Work begins to restore HS2’s Curzon Street Station
Curzon Street Station will find a new lease of life in the coming years, thanks to plans by HS2 to restore the station, with work beginning on the station last week.
The Grade 1 listed building will be renovated by a team of local specialists. They will tackle the restoration in the most authentic way possible, by using traditional specialist skills like carpentry or stonemasonry.
Curzon Street Station is said to be the world's oldest surviving piece of monumental railway architecture. Nobody alive today has ridden a passenger train in or out of the old station.
After being damaged by the Blitz during World War 2, the station is set to become the first intercity terminus station to be built in the UK since the 19th Century. Acting as a start and end-point for the railway line, HS2 claims that eventually, there will be up to 9 trains per hour direct from the station.
Curzon Street Station’s design will maximise the benefit of natural resources such as sunlight and water and have new public spaces surrounding it. It will use the latest eco-friendly design and sustainable technologies including capturing rainwater and sustainable power generation.
The station will be built to achieve a ‘BREEAM excellent’ standard and zero carbon emissions from day to day energy consumption.
West Midlands Mayor Andy Street has described HS2 as 'critical' to the West Midlands, particularly in reference to the jobs created for local people.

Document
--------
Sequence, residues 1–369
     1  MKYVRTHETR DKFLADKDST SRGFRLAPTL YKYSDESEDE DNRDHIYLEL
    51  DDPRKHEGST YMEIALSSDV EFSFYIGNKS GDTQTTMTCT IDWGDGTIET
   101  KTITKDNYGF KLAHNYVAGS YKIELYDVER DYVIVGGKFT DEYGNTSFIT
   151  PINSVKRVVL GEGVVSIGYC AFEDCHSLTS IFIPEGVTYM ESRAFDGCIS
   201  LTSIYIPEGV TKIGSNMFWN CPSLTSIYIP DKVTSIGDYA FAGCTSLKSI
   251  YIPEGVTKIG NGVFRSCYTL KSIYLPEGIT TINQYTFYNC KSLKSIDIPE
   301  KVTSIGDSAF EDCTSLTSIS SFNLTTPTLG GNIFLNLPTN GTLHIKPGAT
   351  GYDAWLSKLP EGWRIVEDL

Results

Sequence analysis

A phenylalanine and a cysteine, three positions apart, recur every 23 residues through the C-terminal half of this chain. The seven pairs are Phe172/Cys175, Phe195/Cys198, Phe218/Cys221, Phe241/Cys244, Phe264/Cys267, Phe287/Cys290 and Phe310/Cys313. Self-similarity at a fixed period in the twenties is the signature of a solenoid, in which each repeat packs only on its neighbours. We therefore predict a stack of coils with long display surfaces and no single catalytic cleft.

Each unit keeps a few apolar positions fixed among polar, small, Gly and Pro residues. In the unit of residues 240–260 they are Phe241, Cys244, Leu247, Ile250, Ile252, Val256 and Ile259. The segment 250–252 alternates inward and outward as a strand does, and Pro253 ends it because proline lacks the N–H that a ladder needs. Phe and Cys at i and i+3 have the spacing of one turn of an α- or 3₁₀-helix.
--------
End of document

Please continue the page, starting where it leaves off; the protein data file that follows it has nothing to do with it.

“It's also a key part of the future of the West Midlands, but that doesn't mean we need to discard our past in the process. That's why I'm really pleased to see the old Grade 1 listed Curzon Street station building being restored. It is a key piece of history that will serve as a brilliant visitor centre for this once-in-a-generation project.”
HS2 will bring Birmingham and the West Midlands within an hour’s commute of Manchester, Sheffield, Leeds, London, York, Preston and Wigan.
The Curzon Street Masterplan by HS2 outlines proposals for 141 hectares of regeneration. It covers the area that will house the HS2 Curzon Street station in Birmingham city centre, along with £724m million in investment into the surrounding area.
The masterplan envisages the creation of 36,000 new jobs, 4,000 new homes and 600,000 square metres of commercial development.
The designs will also incorporate the existing historic Old Curzon Street building and link it to the new station’s eastern concourse at New Canal Street.
Birmingham City Council’s Curzon Street Investment Plan will see £900 million spent on regenerating the area around the new station.
HS2 Ltd’s chief executive, Mark Thurston said:
“Birmingham Curzon Street is right at the heart of the HS2 project, providing a fantastic terminus for trains running right into the heart of the city centre.
“The station will play a vital role in the long-term economic future of the West Midlands, creating hundreds of jobs during construction and boosting the region after the pandemic.”
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» 141 hectares to be regenerated
» £724m million in investment into the surrounding area.
» Masterplan envisages 36,000 new jobs, 4,000 new homes and 600,000 square metres of commercial development.
» Closed to passengers in 1854